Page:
Glen Casada

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Glen Casada
Born August 2, 1959
Alma mater Western Kentucky University
Occupation Politician
Political party Republican Party
Spouse(s) Jill Casada
Children 4

Glen Casada (born August 2, 1959) is a Republican member of the Tennessee House of Representatives, where he represents District 63 (Williamson County, Tennessee). He is the Republican Majority Leader. His opposition to Syrian refugees attracted national attention in the media in 2015.

Early life[edit]

Glen Casada was born on August 2, 1959.[1] He graduated from Western Kentucky University with a B.S. in Agriculture and Education in 1982.[1]

Career[edit]

Casada is a member of the Williamson County chapter of Habitat for Humanity, and the Chambers of Commerce of Williamson County, Franklin, Brentwood, Nolensville, and Spring Hill.[1]

In 2009, Casada was one of the plaintiffs in a lawsuit in federal court, Captain Pamela Barnett v. Barack Hussein Obama, which claimed that Barack Obama was not an American citizen and therefore ineligible to be President of the United States. Judge David O. Carter ruled that Casada and other state legislators did not have standing to sue, since the supposed harm they feared was "highly speculative and conjectural."[2]

In April 2011, Casada tried to repeal a workplace non-discrimination bill for sexual orientation and gender identity in Nashville.[3][4] In an interview, he explained he was trying to "create a uniform environment across the state, similar to what the interstate commerce clause does for our country."[5] The bill was supported by David Fowler's socially conservative Family Action Council of Tennessee, and the Log Cabin Republicans were opposed to it.[5]

In the summer of 2011, Casada traveled with other Tennessee legislators on a trip to China paid for in part by the Hanban.[6]

In November 2015, Casada said he wanted to stop admitting Syrian refugees in Tennessee.[7] He also wanted to return those who were already in the state to the U.S. Immigration and Customs Enforcement.[7][8][9]

In October 2016, Casada ran for re-elected against Democratic candidate Courtenay Rogers.[10] The campaign centered on the cost of public schools and roads.[10] Casada won the election.[11] In February 2017, he was selected as the Republican Majority leader.[12]

Casada voted for Ted Cruz in the Republican primary of the 2016 presidential election, and he voted for Donald Trump in the general election, despite saying he was "not convinced he's an intellectual conservative."[13][14] On March 4, 2017, Casada was one of the main speakers at a rally ion Legislative Plaza in Downtown Nashville called "The Spirit of America Rally" to celebrate the policies of President Trump, when he said, "I am convinced that we will look back four years and see this as a crossroads in our country that we saved our country yet for one more generation."[15][16]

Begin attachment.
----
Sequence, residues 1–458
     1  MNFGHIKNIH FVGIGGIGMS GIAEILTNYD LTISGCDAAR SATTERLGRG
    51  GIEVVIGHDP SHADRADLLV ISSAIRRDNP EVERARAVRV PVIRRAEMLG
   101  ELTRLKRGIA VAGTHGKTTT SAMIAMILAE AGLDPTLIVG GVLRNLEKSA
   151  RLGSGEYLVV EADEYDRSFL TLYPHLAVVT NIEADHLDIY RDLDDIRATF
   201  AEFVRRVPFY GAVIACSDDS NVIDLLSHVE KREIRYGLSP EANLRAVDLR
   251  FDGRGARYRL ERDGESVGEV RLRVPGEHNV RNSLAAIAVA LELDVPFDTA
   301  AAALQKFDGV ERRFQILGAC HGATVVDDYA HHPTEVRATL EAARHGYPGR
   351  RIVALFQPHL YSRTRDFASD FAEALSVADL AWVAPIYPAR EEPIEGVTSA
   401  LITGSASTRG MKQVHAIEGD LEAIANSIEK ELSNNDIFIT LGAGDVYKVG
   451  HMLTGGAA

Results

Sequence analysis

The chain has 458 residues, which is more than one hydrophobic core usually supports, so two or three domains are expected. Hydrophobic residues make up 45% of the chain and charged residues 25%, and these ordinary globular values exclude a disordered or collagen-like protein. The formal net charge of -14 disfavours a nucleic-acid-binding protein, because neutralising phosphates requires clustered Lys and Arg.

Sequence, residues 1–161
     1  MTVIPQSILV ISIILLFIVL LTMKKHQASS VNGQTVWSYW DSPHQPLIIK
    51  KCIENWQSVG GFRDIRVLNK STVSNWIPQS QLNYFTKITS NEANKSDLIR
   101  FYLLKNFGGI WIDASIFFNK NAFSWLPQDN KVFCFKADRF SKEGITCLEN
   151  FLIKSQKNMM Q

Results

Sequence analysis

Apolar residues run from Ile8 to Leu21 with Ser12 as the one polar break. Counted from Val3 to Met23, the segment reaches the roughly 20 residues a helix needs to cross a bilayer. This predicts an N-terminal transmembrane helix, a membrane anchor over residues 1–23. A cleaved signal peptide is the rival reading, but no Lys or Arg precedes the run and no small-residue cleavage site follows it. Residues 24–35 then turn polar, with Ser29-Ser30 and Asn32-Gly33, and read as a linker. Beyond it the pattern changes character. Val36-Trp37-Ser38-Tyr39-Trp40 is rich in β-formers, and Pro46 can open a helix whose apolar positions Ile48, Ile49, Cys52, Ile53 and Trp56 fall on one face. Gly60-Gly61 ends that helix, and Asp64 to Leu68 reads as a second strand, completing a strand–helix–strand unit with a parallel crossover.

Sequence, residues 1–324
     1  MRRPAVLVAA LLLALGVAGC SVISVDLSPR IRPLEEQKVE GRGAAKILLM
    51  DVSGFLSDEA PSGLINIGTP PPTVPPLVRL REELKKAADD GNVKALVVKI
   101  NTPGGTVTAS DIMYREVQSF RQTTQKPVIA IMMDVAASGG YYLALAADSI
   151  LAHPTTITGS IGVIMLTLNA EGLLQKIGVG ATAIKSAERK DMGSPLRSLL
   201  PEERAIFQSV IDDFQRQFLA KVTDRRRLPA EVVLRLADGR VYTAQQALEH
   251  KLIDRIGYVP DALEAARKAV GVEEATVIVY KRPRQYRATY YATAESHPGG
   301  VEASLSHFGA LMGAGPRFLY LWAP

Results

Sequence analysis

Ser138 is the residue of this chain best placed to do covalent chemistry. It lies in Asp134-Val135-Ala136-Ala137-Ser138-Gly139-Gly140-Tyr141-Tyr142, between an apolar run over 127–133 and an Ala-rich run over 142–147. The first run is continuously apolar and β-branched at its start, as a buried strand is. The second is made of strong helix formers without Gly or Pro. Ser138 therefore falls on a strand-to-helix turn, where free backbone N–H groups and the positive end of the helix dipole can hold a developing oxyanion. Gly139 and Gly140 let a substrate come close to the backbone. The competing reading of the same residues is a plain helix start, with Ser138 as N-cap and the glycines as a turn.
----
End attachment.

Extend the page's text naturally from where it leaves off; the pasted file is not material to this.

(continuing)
Personal life[edit]

Casada has a wife, Jill, and four children.[1] He attends the Brentwood Baptist Church.[1]

References[edit]

  1. ^ a b c d e "Representatives – TN General Assembly". tn.gov. Retrieved 20 November 2015. 
  2. ^ Order by Judge David O. Carter, United States District Court for the Central District of California
  3. ^ Woods, Jeff (April 12, 2011). "Committee adopts legislation to nullify Metro's anti-bias bill". The City Paper. Retrieved March 5, 2017. 
  4. ^ "Statewide legislation could kill anti-gay bias bill". Out & About Newspaper. April 12, 2011. Retrieved March 5, 2017. 
  5. ^ a b Stepien, Victor (May 1, 2011). "CAN-DO bill: A flawed Republican rationale". Out & About Newspaper. Retrieved March 5, 2017. 
  6. ^ Humphrey, Tom (August 30, 2011). "Tennessee Legislators Make Summer Trip to China". Memphis Daily News. Retrieved March 5, 2017. 
  7. ^ a b Terkel, Amanda (November 17, 2015). "Tennessee GOP Lawmaker Wants To Round Up All Recent Syrian Refugees In The State". The Huffington Post. Retrieved March 5, 2017. 
  8. ^ Boucher, Dave (November 17, 2015). "Tennessee GOP leader: Round up Syrian refugees, remove from state". The Tennessean. Retrieved March 5, 2017. 
  9. ^ "Tennessee Lawmaker Calls For National Guard To Round Up Syrian Refugees". NPR. November 19, 2015. Retrieved March 5, 2017. 
  10. ^ a b Howze, Ray (October 11, 2016). "Glen Casada faces new challenger in District 63 race". The Tennessean. Retrieved March 5, 2017. 
  11. ^ Howze, Ray (November 8, 2016). "Election 2016: Glen Casada retains District 63 seat over Courtenay Rogers". The Tennessean. Retrieved March 5, 2017. 
  12. ^ Cothren, Whitt; Klein, Raymond (February 28, 2017). "Tennessee House Republican Caucus Announces Staff Additions, Promotions". Nashville Public Radio. Retrieved March 5, 2017. 
  13. ^ Gienapp, Emmett (May 5, 2016). "Tennessee lawmakers throw support behind Donald Trump". Chattanooga Times Free Press. Retrieved March 5, 2017. 
  14. ^ Ebert, Joel; Garrison, Joey (May 3, 2016). "Tennessee GOP leaders will back Trump after Cruz exit". The Tennessean. Retrieved March 5, 2017. 
  15. ^ "President Trump supporters gather in downtown Nashville for rally". WKRN. March 4, 2017. Retrieved March 5, 2017. 
  16. ^ Marshall, Brandon (March 4, 2017). "Groups Clash At President Trump Rally, 2 Arrested". Channel News 5. Retrieved March 5, 2017.